The Copdahl Chronicles are for your reading pleasure

The Copdahl Chronicles are for your reading pleasure

Here's a straight cut and past from a series of questions and answers with Bungie's Mr Chris Opdahl who is apparently some kind of genius Halo game maker. Like most of the people at Bungie!

The Copdahl Chronicles 

Back when I wasn’t sure if we’d have much to talk about in the update I asked our fan community to pose some questions to Reach’s Campaign Design Lead, Chris Opdahl, who graciously offered to spend time answering them. I sent Chris almost every question posed, asking him to answer the few he felt inclined to answer, and he actually answered ALL of them. It’s actually too much to include everything in this already gigantic update so we’ll share some now and some later. Here are a few of the questions pulled from the forums of Halo.Bungie.Org along with Chris’ responses: 

"Bluerunner" asks: What are your favorite missions from each Halo game? Is there a level in Reach that you think will be an instant fan favorite?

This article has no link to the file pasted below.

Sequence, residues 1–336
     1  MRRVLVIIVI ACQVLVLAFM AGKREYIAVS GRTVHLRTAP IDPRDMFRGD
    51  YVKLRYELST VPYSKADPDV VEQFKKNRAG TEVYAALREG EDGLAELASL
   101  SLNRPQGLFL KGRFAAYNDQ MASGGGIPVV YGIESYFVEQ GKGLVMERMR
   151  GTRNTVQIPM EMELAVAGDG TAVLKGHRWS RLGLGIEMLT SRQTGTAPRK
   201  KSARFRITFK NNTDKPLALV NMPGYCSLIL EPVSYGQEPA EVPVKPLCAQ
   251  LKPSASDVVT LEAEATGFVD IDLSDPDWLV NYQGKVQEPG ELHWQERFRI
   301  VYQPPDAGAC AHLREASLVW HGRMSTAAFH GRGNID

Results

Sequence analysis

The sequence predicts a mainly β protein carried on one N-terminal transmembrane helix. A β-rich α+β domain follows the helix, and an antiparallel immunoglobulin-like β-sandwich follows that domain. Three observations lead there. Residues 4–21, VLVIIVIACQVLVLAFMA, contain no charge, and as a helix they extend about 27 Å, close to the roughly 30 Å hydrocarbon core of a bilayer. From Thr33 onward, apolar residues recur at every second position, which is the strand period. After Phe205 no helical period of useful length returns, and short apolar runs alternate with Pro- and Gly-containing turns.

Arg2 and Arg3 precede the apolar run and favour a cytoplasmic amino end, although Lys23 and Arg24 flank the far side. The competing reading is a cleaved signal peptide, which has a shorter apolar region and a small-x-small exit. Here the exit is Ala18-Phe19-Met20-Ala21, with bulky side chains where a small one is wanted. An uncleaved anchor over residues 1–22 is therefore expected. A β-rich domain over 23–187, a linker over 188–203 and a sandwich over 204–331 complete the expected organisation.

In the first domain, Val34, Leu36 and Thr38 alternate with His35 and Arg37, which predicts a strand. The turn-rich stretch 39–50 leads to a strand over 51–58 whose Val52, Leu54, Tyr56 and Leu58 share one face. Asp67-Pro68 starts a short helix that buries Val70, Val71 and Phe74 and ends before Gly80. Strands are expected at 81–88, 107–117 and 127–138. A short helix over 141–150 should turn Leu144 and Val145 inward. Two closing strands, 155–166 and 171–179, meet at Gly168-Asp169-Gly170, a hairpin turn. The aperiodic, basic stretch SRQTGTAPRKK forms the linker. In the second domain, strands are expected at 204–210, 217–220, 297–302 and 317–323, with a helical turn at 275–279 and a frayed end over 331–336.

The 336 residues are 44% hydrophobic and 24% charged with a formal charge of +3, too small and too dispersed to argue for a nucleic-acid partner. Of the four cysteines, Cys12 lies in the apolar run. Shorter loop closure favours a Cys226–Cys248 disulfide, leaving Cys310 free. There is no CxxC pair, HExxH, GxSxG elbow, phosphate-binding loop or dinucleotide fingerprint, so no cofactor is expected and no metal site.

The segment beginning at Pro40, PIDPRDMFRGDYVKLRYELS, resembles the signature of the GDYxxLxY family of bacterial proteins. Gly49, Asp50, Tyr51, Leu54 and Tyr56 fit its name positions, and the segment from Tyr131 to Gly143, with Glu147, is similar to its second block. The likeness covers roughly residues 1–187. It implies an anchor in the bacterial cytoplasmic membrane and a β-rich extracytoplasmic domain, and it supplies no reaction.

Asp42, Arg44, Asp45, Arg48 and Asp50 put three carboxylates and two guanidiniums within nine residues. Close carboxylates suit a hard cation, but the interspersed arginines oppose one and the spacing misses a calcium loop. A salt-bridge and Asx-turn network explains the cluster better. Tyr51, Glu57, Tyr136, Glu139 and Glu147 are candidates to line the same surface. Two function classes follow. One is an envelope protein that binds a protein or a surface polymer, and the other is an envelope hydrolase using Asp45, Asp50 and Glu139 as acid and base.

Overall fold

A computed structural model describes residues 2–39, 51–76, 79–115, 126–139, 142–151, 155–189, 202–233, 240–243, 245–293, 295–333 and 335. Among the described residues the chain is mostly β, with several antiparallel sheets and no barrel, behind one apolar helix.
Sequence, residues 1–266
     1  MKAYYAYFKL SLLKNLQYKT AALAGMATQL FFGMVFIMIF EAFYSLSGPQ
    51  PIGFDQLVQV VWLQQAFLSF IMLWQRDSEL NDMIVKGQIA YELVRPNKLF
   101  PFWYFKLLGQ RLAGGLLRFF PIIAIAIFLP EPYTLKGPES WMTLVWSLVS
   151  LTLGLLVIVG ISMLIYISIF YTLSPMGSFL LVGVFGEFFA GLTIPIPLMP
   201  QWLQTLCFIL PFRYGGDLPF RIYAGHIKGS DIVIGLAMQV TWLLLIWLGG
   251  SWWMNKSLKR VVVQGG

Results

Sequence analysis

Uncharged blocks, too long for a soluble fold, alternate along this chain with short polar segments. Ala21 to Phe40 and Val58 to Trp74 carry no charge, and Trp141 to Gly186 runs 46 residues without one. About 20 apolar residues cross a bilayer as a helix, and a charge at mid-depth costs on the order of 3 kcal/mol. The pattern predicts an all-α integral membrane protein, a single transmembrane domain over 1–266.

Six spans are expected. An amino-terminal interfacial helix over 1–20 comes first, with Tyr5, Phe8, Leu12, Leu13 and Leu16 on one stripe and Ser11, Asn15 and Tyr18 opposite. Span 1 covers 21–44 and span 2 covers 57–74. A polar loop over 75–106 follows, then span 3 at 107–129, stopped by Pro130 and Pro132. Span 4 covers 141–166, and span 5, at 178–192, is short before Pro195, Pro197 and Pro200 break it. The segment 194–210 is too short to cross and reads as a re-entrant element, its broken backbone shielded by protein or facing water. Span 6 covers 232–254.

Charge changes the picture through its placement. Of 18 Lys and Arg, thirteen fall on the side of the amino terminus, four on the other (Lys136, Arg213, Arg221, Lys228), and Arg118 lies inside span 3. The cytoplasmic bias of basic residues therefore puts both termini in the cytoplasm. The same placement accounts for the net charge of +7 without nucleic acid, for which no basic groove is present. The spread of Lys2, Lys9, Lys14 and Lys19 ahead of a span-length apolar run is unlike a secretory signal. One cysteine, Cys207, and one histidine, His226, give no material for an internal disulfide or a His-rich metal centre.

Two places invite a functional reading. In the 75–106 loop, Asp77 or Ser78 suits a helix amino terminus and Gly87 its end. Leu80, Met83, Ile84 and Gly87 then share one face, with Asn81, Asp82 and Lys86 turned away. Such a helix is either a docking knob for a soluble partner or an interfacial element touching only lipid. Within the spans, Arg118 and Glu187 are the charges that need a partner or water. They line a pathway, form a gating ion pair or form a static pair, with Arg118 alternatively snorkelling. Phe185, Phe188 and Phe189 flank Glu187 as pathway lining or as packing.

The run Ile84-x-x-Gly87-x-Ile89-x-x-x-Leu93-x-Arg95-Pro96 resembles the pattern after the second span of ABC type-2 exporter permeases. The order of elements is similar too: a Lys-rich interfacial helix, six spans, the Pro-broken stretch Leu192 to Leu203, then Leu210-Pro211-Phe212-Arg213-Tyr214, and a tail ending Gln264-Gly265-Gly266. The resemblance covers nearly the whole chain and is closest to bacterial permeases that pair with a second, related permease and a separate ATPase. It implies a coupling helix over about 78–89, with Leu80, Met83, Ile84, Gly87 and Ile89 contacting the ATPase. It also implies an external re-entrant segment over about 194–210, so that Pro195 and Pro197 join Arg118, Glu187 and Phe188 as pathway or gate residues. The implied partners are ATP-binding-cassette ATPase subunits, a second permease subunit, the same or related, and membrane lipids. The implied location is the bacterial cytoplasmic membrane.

Chris: Let's see, favorite levels from the previous Halo games: Halo 1 - Silent Cartographer, Truth and Reconciliation, Attack on the Control Room :: Halo 2 - Outskirts, Delta Halo :: Halo 3 - The Ark, The Covenant :: ODST Uplift Reserve.

One of the most exciting parts of Reach is that so many of the missions vary things up. This means that a bunch of them will be different people's favorites, based on their tastes. We have infantry missions, vehicle missions, exploration missions, slow burn missions, crazy action missions, and (if you watched the E3 presentation) there is a mission that takes you places you have never been in a Halo game. I expect there to be a lot of online discussions with greater than and less than carrots (< >) discussing Reach Missions. That said, here are some of the acronyms that are likely to show up in a lot of people's favorites:: TotS, LNoS, Ex, NA, LW (and another that would give away too much if I acronym-ized the title).